Rhineland-Palatinate’s Secret Shoe Route Still Offers Gems

The Rhineland-Palatinate’s shoe-making route was never supposed to be a secret. Hordes of tourists and German nationals were supposed to visit every year — or at least that’s what the marketing people hoped.

Unfortunately, unlike the Romantic Road, the Shoe-makers road, or Deutsche Schuhstraße as it’s called in German, didn’t catch on. It launched with great fanfare in 1977, but the marketing blitz soon fizzled, leaving it abandoned and deleted from the guidebooks.

Rather than being a cause of sorrow, this presents a special opportunity for modern day visitors.

Now I know you are running all over the country this month trying to catch all of the wonderful fall festivals going on — and that will certainly wear out your shoes. What better souvenir than a custom-made pair of shoes ordered in off the old shoe-making road?

You see, even though the marketing geniuses walked away from promoting the shoe-makers route, the shopkeepers and craftsmen are still in existence. All you need to do to get a pair of shoes that will fit in a way you’ll never forget is drop by one of their stores.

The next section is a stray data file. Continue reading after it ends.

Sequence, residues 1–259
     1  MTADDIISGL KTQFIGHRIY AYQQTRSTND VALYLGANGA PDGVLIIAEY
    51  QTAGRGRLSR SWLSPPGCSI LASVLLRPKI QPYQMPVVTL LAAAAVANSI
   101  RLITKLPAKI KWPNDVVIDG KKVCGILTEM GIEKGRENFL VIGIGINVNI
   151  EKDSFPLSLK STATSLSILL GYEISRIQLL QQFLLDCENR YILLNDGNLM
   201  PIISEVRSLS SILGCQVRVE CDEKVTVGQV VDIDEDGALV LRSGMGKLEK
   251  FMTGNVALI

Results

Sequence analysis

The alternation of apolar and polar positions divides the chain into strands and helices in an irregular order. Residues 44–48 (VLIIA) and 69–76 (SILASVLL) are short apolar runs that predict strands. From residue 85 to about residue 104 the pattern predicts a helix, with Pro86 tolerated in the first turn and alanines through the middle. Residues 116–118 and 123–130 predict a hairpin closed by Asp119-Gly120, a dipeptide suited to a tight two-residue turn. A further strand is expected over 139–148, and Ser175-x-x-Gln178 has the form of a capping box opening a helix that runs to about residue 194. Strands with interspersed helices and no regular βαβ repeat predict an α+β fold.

Officially, the shoe-making route goes through the entire Südwestpfalz, starting in Waldfischbach-Burgalben and ending in the Hauenstein area. Some of the towns on the way include Clausen, Leimen, Merzalben, Rodalben, Pirmasens, Lemberg, Eppenbrunn, Fischbach, Rumbach, Erlenbach, and Lug. Most are tiny craft towns and villages of only a few hundred or a few thousand people located on highways B10 and B70.

The bulk of the currently operating shoemakers are in Pirmasens, which has its own Schuhstraße dedicated to shoe shops. You can easily find the shoe-maker you want here with a little researching.

It does help to speak some German, but at the end of the day, a foot is a foot and these people are in the business of making shoes to fit toes from any culture.

Whether you wander into Pirmasens or another town on the route, you will find shopkeepers more than ready to tailor something to fit or sell you something handcrafted and beautiful to wear home as a treasured souvenir that last longer than one from anywhere else in the world.

—Marcus

 

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